Food Allergy Organizations Unite to Combat the Crisis and Find a Cure

In the United States, food allergies send a person to the emergency room every three minutes and account for over a million emergency department visits each year. For about 140,000 patients each year, their food allergies result in anaphylaxis – a serious life-threatening consequence. Of these, up to 1,000, many of them children, will die.

Which is why we were pleased to learn that the nation’s two leading food allergy organizations are planning to merge.

Rather than competing for funding, as they have in the past, the Food Allergy Initiative (FAI) and the Food Allergy & Anaphylaxis Network (FAAN) will unite. In doing so they hope to secure the private and public support needed to advance a cure for food allergies, and provide critical resources for food-allergic individuals and families.

Recent research shows that food allergies are a significant and growing public health issue affecting 1 out of every 13 children – roughly two in every classroom. With nearly 40% of these children already having experienced a severe or life-threatening food-allergic reaction, the need for a cure is urgent.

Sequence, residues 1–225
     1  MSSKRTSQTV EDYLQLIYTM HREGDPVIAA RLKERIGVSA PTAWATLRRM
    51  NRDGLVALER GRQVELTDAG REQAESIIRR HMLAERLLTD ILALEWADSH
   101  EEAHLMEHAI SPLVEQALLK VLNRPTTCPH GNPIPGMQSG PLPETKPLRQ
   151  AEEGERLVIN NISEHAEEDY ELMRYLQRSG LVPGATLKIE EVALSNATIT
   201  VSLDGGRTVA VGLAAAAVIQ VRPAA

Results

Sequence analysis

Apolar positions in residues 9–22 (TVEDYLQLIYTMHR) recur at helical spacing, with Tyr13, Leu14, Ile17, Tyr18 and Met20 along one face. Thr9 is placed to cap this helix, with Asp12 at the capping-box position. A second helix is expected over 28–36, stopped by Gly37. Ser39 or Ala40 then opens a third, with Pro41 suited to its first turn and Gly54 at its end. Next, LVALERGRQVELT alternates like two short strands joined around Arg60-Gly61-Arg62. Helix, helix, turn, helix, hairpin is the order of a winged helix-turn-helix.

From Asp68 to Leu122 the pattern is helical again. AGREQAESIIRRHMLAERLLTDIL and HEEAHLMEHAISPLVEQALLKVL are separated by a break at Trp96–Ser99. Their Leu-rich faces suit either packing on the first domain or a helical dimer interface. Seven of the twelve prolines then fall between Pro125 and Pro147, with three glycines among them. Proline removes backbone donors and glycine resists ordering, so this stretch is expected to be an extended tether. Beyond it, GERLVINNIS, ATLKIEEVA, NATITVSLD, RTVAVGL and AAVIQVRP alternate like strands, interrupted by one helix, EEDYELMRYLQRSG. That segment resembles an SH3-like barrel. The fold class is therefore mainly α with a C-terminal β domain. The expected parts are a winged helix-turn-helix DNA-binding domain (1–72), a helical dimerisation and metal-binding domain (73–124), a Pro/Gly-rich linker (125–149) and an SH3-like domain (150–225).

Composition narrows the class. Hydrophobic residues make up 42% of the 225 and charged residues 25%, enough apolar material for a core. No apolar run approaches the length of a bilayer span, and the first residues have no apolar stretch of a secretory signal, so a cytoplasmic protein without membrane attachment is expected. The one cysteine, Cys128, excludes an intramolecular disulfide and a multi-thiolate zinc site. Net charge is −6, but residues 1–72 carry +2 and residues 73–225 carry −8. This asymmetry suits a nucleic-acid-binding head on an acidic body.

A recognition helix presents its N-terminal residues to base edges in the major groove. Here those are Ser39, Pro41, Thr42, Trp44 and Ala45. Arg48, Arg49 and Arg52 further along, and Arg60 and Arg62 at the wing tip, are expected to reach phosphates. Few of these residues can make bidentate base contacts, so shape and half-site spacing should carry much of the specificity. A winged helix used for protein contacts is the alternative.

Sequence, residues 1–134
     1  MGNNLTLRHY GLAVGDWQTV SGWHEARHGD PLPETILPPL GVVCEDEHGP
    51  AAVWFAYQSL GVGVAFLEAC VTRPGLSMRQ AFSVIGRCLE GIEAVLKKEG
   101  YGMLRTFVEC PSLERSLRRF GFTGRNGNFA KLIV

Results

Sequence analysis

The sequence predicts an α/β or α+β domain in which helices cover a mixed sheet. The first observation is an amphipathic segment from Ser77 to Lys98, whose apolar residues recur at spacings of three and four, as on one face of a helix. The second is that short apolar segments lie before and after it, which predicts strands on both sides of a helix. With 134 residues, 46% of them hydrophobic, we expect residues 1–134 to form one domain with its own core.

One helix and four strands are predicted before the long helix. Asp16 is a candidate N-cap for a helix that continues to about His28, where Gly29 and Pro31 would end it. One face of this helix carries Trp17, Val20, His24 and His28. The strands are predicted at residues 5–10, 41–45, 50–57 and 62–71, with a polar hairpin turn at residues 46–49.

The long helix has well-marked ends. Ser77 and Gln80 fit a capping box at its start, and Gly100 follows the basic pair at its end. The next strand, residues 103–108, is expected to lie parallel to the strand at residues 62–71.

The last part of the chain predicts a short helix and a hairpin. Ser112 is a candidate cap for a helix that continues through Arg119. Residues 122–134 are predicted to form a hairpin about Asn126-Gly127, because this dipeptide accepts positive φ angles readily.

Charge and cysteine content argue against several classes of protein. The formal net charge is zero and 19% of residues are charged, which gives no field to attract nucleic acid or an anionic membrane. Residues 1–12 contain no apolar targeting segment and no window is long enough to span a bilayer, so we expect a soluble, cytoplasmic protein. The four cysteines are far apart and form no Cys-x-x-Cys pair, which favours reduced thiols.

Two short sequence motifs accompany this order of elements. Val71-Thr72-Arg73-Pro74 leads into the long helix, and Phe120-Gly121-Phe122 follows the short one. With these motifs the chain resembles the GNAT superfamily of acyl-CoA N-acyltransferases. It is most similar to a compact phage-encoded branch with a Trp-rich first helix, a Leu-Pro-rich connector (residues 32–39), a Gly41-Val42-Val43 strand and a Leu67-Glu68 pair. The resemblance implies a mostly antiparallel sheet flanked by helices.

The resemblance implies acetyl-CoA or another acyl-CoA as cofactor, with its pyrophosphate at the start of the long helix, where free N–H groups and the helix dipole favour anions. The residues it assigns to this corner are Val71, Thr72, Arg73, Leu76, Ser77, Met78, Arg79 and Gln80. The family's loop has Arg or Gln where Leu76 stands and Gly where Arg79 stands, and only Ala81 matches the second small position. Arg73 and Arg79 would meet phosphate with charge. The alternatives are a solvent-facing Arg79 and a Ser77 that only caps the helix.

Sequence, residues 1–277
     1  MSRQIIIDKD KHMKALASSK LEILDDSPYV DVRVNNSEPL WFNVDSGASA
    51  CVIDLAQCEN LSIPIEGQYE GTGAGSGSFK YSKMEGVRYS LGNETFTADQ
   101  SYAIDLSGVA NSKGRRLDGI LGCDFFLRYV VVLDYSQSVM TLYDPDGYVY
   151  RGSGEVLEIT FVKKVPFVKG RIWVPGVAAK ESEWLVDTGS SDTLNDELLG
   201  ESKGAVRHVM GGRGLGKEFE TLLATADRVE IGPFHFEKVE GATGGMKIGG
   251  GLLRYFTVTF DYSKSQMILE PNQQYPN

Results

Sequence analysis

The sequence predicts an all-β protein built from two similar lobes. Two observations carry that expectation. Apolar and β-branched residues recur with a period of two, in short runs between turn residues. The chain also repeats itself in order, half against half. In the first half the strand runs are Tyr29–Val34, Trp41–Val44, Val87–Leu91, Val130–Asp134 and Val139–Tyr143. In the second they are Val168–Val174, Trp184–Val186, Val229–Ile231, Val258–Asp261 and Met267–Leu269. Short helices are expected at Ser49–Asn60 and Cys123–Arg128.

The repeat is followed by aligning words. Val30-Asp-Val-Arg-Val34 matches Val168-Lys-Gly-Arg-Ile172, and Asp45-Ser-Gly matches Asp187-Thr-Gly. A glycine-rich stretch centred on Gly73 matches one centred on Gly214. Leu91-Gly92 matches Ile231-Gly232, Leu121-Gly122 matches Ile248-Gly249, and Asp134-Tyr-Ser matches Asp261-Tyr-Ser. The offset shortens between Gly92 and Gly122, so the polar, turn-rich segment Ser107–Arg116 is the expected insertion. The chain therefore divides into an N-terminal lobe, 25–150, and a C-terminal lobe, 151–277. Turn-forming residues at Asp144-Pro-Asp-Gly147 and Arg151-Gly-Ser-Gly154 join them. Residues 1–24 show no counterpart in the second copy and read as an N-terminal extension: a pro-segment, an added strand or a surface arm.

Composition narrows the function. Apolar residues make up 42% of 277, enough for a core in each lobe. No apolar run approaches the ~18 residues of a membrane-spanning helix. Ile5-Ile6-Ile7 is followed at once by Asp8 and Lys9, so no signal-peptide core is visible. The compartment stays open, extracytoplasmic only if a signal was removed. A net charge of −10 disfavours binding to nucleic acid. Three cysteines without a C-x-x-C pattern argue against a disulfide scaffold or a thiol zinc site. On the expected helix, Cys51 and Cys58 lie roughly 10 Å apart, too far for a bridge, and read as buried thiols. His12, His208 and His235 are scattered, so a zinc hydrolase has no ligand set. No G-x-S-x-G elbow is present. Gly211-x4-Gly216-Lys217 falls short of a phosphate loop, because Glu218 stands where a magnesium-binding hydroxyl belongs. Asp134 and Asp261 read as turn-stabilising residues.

The merger will combine FAAN’s expertise as a trusted source of information, programs, and resources related to food allergy and anaphylaxis with FAI’s leadership as the world’s largest private source of funding for food allergy research.

FAI and FAAN have collaborated for nearly 15 years on initiatives to increase understanding of the severity of food allergies and to support food-allergic families,” said Todd Slotkin, chairman of FAI. “Bringing together the considerable expertise and resources that both organizations offer will elevate both our ongoing private commitment to find a cure for food allergies and our work on behalf of the food-allergic community.”

Every day we work with thousands of families across the United States who are dealing with the serious physical, social, and emotional impacts of food allergies,” said Janet Atwater, chair of FAAN. “The unification of FAAN and FAI allows us to move forward together as an even stronger champion for these families and the driving force advancing research to find a cure.”

SRxA’s Word on Health applauds this initiative and looks forward to seeing the benefits of this collaboration. In the meantime we think the ‘more can be achieved by collaborating than competing‘ message could be an important one for congress.

4 thoughts on “Food Allergy Organizations Unite to Combat the Crisis and Find a Cure